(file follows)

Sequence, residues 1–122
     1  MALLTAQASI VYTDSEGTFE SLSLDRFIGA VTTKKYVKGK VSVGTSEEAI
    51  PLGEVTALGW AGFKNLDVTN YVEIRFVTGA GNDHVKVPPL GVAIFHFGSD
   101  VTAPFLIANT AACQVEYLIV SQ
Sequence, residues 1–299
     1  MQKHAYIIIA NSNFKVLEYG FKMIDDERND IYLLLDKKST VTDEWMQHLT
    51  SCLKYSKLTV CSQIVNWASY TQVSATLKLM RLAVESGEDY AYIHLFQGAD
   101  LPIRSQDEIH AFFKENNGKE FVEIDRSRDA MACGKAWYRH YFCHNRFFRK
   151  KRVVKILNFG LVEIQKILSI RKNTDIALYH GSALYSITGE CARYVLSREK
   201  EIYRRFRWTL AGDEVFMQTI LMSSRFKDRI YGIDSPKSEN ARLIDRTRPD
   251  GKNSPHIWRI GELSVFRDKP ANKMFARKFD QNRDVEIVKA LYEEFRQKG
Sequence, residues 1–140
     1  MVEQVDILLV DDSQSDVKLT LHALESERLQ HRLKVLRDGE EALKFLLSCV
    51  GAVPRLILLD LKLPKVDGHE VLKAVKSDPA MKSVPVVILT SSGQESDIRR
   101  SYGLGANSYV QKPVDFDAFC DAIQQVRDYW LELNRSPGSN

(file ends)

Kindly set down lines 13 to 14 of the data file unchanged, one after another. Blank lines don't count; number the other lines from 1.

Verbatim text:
     1  MVEQVDILLV DDSQSDVKLT LHALESERLQ HRLKVLRDGE EALKFLLSCV
    51  GAVPRLILLD LKLPKVDGHE VLKAVKSDPA MKSVPVVILT SSGQESDIRR